Hands-on with Pokemon: Trading Card Game Online for iPad

The very best? (Like no one ever was?)

Hands-on with Pokemon: Trading Card Game Online for iPad
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At my school, Pokemon cards were the only item to ever be banned from the playground. Heck, yo-yos were still allowed even after Tony pinged a pocket pro stinger into Tom's eye during a failed three-leaf clover manuvere.

There was something about the feverous demand for the cards - the shiny ones, the powerful ones, the ones with the coolest critters on the front - that drove prepubescent children to lie, cheat, steal, start black markets, and fight.

I'm certain it's still happening today. Schools are banning Moshi Monsters or what have you, and teachers stand idly by while other kids are being decapitated by loom bands.

Anyway. The Pokemon ban (or Pokeban) worked. One kid suggested we just move to Digimon cards but was quickly stuffed in a locker and had his PE kit thrown into a bush. Unlike all other prohibitions in history, this one stuck.

Pokemon TCG

So what I'm trying to say is, I haven't thought about Pokemon cards in about 15 years. But this iPad rendition of the trading card battle brought it all back with stunning Technicolour clarity.

The energy cards! The little damage stickers! The terse descriptions and glorious artwork! First editions and god damn Manky lovin' shinies!

I subscribed to a Pokemon TCG magazine that taught you how to keep a Poker face (not PokeFace) when you had a good deck. I binged on the Game Boy game in a caravan in Bournemouth. I forced my dad to drive to every shop in town to see if they had booster packs.

And in one of my most regretful moments of my life, I traded a fake Mewtwo card for a younger child's shiny Charizard. The cardboard was a bit flimsy and the ink was a bit runny, I said, because this was a prototype from Japan. My uncle worked there as a janitor, naturally.

In retrospect, I probably caused the ban, didn't I? Whoops.

Pokemon TCG

But yes, the game. The iPad game. It's a lavish recreation of the original one-on-one game, which is a fun and feisty card battler that has built up quite the collection of cards over the years.

During play, you have one active Pokemon, and a bench full of backup critters. You attach energy cards to critters so they can pull off moves, and you can drag more powerful beasties onto cards to evolve them mid-battle.

It mainly follows the rules of the game, so water attacks do double damage against fire Pokemon, and sleep abilities send a rival monster into a deep slumber until they wake - by flipping a heads on a little red coin.

The goal is to knock-out your opponent's Pokemon, which lets you put a prize card into your hand. When all six are in your hand, you've won the game. It's not terribly complex, but there's enough depth to keep you engaged and addicted.

In some cases, the game is perhaps a little too reminiscent of the physical game. Like how cards get little '10' and '50' damage stickers on them, and - in the zoomed out view - you have to add up the damage and subtract it from your total HP to figure out your health.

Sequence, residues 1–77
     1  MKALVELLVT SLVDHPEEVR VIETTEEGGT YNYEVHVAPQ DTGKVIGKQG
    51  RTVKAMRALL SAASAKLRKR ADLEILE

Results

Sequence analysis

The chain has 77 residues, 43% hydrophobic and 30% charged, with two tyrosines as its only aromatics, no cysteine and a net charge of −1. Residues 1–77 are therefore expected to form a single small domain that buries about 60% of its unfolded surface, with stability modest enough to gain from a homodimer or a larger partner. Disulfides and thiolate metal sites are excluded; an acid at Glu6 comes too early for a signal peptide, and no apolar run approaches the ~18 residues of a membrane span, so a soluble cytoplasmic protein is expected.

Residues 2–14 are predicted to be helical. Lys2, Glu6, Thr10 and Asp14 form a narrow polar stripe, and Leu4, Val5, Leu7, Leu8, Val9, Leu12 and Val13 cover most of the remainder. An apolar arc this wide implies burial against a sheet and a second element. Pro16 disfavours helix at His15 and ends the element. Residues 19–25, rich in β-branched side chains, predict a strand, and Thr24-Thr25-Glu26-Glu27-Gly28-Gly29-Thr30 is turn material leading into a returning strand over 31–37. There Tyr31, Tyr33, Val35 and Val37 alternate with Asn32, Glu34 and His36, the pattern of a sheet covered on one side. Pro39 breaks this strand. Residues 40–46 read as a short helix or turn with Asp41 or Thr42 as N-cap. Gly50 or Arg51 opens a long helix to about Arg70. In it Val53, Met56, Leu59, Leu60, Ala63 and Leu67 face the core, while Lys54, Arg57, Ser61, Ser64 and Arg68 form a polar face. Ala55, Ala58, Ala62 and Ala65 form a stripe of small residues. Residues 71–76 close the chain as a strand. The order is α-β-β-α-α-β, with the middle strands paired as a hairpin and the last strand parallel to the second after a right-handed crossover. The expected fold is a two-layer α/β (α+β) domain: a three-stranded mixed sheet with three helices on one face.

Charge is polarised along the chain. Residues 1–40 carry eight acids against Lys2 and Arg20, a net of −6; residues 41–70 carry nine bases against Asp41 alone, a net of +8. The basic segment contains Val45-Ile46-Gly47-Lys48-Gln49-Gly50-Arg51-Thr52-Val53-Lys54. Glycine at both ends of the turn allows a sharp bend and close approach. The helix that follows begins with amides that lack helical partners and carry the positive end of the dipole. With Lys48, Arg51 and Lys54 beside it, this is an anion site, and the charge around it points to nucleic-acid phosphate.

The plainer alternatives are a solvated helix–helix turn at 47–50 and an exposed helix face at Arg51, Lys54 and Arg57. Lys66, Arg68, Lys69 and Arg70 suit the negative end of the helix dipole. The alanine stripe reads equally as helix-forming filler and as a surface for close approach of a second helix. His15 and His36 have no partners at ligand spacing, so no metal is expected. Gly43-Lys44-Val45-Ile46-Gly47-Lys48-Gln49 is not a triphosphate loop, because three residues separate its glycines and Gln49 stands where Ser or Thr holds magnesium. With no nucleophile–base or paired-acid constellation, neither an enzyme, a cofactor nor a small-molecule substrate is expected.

You can zoom in on a card to see your current HP, but I think we could live with a dynamic health meter on the cards themselves without sacrificing the authenticity of the port.

Pokemon TCG

The game's got a lot going on. There's a generous single player campaign where you can unlock more cards for your decks. And there's online play with friends and strangers, plus time-limited tournaments.

You can of course build a deck, and either trade cards or buy cards to get more. And it's here where Pokemon makes a grave error.

In most games, buying a card pack would treat you to a lavish animation where you see the foil packet tear open, the cards spill out one by one as you see what treasures you've just unlocked. In Pokemon, you simply see your new cards laid on a menu.

Look, Hearthstone is a tough act to follow. Blizzard has poured everything it has into that game's interface, artwork, and tactility. But it casts a long shadow over other iPad card battlers, and rival games can feel a little shonky in comparison.

So hopefully The Pokemon Company will use its soft launch to iron out the creases in this iPad game. To fine tune the game and make it as responsive, intuitive, and lavish as we've come to expect for table top tablet games.

Pokemon TCG

Because if you were a child of the 90s, and you have fond(?) memories of getting a playground beating for refusing to trade your Machomp, Pokemon TCG will be bigger than Hearthstone. Better than Magic. And feature 100 percent more Jigglypuff.

The game is currently in limited release in Canada, and will launch worldwide sometime later this year. If you're dying to play right now, check out our guide on making foreign iTunes accounts.

Mark Brown
Mark Brown
Mark Brown spent several years slaving away at the Steel Media furnace, finally serving as editor at large of Pocket Gamer before moving on to doing some sort of youtube thing.